2018-2019 Catalog

Indigenous Math and Science Institute

The Indigenous Math and Science Institute (IMSI) was established in 2001 to provide a cohesive management structure for the various Science, Technology, Engineering, and Mathematics (STEM) research and education programs.  The goal of IMSI is to provide an all-inclusive effort to promote Native American achievement at all levels of STEM research and education.  IMSI houses the following programs:

All Nations Louis Stokes Alliance for Minority Participation (ANLSAMP)

The ANLSAMP program is funded through the National Science Foundation (NSF) and involves 38 partner institutions spread across 14 states, working in conjunction to increase the number of Native Americans achieving a STEM Bachelor’s degree.  The goal of the ANLSAMP program is to double the number of Native Americans and other under-represented minorities who are enrolled in STEM disciplines at partner institutions, and assist them in completing a STEM BS degree. In order to achieve this goal and related supporting objectives, the ANLSAMP program supports students at partner institutions with stipends, travel, internship opportunities, and other partner-specific activities.  ANLSAMP is 1 of 40 Alliances nationwide and the only one specifically focusing on Native Americans.

Big Sky Science Partnership

The Big Sky Science Partnership (BSSP) is a seven year project whose goal is to increase science achievement in American Indian students. Funded by the National Science Foundation Math/Science Partnership program, the BSSP partners science and education faculty from Salish Kootenai College, the University of Montana and Montana State University with Tribal consultants and 120 K-8 teachers from the Flathead, Northern Cheyenne, and Crow Reservations and the Missoula area schools, in a vibrant learning community aimed at improving science instruction, developing science teacher leaders, and changing the culture of science teaching at the K-20 level. The project continues to generate and disseminate a significant body of research on the efficacy of culturally congruent instruction and the eveopment of culturally congruent teachers.

Developing American Indian Science Educators Project

The Developing American Indian Science Educators Project (DAISE) is a National Science Foundation funded project that supports the development of the Bachelor of Science in Secondary Science Education degree (BSSE). This degree prepares graduates for application for licensure as Broadfield secondary science teachers, enabling them to teach middle school and high school science. SalishKootenai College is only one of two tribal colleges in the nation that offers this degree. The funding also provides scholarships and stipends to qualified American Indian students who are pursuing the BSSE with the intention of becoming secondary science teachers.

Flathead Geoscience Education Project

The Flathead Geoscience Education Project is a National Science Foundation funded project that partners Tribal elders, SKC science and education faculty, and professional geologists in the development of culturally responsive geoscience curriculum materials for use in Flathead Reservation middle and high schools. The educational products of the FGEP include both written and video materials that have been distributed to all schools on the Flathead Reservation as part of an effort to improve equity in the schools and strengthen science education for students, particularly American Indian students. A place based elementary geoscience curriculum specific to the Flathead Reservation that aligns with the FGEP materials was also developed in 2012 by a Noyce Teacher Fellow. The curriculum has been distributed to all reservation schools and teacher training on it use has been provided. All FGEP materials will be made available on the SKC web site.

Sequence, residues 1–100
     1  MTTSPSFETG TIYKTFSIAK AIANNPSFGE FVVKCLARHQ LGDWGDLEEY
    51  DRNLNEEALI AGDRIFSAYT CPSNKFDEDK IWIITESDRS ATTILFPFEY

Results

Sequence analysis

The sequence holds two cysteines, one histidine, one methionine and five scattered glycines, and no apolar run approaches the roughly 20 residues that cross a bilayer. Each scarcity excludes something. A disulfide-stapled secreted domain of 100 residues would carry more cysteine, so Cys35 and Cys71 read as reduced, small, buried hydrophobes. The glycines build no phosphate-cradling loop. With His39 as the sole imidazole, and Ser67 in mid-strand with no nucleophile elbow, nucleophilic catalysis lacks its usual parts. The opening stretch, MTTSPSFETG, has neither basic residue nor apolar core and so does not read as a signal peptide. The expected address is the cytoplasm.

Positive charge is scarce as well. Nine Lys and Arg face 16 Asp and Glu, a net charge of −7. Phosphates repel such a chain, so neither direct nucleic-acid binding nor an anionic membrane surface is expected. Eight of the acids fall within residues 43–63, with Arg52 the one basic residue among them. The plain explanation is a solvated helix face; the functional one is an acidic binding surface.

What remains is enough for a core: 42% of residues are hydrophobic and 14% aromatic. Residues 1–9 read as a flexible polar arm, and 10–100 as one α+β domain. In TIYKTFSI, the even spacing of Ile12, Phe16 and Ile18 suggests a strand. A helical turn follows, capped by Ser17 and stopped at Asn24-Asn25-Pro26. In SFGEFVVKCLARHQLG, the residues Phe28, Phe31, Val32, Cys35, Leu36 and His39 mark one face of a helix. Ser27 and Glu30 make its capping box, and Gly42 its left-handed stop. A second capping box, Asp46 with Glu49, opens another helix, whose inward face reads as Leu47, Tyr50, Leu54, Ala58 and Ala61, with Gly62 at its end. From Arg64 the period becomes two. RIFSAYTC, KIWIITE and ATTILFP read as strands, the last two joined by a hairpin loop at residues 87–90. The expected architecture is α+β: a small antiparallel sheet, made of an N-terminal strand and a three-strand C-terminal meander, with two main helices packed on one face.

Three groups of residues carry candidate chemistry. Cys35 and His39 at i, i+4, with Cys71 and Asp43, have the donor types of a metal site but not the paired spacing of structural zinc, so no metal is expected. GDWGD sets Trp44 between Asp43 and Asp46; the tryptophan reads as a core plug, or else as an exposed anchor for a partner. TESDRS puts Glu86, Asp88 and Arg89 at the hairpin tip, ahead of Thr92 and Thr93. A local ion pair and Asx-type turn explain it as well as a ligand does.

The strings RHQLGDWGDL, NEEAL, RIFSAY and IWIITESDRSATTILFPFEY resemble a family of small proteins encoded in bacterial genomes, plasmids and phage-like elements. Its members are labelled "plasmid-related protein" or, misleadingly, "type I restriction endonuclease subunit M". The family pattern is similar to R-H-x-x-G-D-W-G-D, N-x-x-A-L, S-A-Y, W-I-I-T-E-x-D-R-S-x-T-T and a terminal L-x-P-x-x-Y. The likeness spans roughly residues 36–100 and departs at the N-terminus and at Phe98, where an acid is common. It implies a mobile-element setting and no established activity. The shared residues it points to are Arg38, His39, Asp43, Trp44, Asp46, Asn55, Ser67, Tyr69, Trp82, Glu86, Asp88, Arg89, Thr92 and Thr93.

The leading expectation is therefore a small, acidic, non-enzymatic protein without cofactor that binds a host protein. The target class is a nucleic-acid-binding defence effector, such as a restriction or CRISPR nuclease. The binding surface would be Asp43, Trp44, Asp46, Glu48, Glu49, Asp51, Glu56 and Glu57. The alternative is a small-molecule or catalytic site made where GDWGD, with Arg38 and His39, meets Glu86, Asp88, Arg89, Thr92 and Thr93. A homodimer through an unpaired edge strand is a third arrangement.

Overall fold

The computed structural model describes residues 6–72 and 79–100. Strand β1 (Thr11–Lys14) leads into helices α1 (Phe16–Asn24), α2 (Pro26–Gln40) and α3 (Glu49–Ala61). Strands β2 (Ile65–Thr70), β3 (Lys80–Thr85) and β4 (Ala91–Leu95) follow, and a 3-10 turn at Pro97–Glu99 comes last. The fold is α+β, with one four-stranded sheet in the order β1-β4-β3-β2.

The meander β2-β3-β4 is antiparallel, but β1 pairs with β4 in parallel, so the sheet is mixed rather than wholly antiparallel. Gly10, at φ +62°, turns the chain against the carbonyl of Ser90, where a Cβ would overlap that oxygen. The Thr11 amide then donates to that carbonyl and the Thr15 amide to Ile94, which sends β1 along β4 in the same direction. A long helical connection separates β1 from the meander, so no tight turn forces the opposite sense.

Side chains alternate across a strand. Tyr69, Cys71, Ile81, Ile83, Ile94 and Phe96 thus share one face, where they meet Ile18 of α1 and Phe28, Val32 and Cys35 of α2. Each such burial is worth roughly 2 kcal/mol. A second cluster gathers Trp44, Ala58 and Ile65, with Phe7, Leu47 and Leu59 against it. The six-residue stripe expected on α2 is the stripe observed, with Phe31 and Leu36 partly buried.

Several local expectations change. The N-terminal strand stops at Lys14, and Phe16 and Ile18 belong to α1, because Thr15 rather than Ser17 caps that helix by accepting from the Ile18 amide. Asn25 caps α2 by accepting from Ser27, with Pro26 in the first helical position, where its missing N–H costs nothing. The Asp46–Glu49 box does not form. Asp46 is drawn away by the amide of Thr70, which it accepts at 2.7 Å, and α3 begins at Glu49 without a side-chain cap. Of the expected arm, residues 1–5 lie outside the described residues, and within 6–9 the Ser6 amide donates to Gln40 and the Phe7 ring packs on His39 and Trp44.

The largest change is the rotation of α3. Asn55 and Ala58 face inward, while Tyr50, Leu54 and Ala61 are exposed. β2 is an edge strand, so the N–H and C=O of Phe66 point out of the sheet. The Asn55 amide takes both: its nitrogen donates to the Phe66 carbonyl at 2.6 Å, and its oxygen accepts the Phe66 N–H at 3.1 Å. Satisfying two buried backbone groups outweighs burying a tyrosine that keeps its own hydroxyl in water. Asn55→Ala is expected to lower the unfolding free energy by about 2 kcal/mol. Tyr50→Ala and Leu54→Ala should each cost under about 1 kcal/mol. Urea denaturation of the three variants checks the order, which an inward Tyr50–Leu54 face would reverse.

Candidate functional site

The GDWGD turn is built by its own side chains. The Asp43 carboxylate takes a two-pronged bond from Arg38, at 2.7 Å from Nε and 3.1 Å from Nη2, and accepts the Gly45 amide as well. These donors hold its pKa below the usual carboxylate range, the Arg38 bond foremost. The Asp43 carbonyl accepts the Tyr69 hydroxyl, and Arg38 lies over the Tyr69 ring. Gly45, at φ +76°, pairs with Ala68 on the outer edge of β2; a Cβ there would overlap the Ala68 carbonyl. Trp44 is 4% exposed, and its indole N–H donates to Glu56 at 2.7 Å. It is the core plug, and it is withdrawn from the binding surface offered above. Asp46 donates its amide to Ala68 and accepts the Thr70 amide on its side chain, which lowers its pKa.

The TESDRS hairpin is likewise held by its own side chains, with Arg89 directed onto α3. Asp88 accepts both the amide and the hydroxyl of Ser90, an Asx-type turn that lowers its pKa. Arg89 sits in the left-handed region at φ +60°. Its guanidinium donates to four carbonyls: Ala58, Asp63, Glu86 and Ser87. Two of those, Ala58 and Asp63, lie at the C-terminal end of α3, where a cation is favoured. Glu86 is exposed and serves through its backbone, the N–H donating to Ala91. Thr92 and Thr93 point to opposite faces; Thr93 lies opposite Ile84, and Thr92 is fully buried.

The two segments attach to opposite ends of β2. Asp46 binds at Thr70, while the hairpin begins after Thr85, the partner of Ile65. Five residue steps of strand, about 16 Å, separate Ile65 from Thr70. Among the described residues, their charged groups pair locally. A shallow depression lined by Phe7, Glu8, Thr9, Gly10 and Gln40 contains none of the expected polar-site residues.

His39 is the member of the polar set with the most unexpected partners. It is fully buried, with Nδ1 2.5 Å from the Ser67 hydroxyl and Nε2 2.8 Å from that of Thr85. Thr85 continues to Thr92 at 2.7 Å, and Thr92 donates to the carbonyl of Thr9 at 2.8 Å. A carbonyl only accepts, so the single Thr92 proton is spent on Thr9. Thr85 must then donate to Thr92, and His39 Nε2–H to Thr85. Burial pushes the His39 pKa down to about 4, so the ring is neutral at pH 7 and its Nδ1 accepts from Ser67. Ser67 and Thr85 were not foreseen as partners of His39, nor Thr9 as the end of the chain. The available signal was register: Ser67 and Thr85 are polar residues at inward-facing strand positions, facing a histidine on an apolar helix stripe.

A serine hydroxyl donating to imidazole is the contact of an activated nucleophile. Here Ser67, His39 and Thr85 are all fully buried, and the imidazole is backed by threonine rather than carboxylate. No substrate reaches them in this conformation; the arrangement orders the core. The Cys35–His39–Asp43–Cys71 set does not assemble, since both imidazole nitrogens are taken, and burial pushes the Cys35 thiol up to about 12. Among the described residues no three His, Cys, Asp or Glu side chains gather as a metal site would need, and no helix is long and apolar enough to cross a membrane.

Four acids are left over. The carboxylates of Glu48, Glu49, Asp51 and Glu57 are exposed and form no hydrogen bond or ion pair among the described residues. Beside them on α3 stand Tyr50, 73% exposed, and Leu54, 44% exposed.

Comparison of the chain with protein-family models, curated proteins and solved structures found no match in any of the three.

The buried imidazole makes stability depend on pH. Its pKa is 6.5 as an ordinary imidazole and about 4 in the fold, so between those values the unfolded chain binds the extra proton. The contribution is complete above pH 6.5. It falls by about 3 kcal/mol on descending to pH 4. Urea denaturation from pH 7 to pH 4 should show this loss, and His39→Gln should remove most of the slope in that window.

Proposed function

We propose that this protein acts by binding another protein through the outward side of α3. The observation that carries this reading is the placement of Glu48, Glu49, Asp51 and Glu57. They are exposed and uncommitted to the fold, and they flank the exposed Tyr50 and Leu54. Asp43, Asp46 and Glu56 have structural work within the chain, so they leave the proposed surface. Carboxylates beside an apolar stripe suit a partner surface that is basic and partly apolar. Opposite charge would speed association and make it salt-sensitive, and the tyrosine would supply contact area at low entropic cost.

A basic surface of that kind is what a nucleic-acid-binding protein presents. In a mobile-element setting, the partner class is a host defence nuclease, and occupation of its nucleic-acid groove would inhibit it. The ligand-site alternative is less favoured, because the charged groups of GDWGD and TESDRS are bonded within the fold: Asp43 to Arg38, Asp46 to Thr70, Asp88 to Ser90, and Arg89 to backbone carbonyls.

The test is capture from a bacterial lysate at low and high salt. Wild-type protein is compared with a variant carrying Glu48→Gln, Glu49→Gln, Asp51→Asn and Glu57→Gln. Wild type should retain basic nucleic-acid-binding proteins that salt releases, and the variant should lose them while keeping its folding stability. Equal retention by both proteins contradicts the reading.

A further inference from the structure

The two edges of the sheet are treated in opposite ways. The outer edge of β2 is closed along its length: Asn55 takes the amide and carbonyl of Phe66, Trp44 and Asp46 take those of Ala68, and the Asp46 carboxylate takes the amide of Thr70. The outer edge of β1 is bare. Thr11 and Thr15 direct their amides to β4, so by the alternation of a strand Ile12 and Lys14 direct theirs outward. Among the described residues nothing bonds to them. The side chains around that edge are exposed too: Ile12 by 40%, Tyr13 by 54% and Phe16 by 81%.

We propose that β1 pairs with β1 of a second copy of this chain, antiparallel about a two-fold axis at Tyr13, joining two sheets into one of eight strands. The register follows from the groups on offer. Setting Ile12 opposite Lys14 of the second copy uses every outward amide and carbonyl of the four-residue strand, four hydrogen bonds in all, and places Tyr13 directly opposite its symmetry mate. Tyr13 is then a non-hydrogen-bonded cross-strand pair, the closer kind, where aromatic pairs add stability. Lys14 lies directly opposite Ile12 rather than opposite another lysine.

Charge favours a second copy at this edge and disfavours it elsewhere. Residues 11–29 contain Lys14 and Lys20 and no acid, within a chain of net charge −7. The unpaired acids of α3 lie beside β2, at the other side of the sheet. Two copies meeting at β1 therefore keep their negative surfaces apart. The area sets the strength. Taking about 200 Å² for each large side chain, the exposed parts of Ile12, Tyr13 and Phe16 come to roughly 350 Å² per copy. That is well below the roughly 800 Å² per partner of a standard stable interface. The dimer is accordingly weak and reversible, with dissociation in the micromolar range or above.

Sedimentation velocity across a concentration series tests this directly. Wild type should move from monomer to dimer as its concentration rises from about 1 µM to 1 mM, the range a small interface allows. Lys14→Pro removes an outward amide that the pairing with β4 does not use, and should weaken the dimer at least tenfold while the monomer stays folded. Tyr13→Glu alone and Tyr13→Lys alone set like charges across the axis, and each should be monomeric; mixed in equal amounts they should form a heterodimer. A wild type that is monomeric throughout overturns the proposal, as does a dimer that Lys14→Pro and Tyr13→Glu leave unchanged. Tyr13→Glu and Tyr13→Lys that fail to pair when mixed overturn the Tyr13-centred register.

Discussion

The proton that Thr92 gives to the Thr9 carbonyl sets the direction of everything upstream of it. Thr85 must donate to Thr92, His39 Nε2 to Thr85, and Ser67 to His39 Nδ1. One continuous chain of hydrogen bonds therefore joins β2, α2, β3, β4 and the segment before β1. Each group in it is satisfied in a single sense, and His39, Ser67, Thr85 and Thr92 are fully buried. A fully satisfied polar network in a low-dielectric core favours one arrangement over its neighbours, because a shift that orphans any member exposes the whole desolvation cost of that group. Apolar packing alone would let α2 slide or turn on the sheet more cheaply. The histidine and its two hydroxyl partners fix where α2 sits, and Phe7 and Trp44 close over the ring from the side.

Robert Noyce Teacher Fellowships

The Robert Noyce Teacher Fellowships is a sister project to and natural outgrowth of the BSSP. Also funded by the National Science Foundation, it provides 27 BSSP teachers with two year fellowships to develop and conduct significant science teacher leadership projects that are designed to strengthen science instruction in BSSP schools. Fellowship projects focus on a variety of areas including teacher professional development, curriculum development, and educational research, and are designed to make systemic, sustainable, and substantive change in the way science is taught in BSSP schools.

SKC STEM Scholarship (S3) Program

The S3 program is funded through the National Science Foundation (NSF) and is designed to increase enrollment and retention within the SKC STEM degree programs.  New S3 scholarship applications are accepted anytime; however, awards are made the first week of each quarter based upon specific criteria and availability.  The degree programs that are eligible for S3 funding are Computer Engineering, Environmental Science, Forestry, Hydrology, Information Technology, and Life Sciences.  Contact IMSI for more information.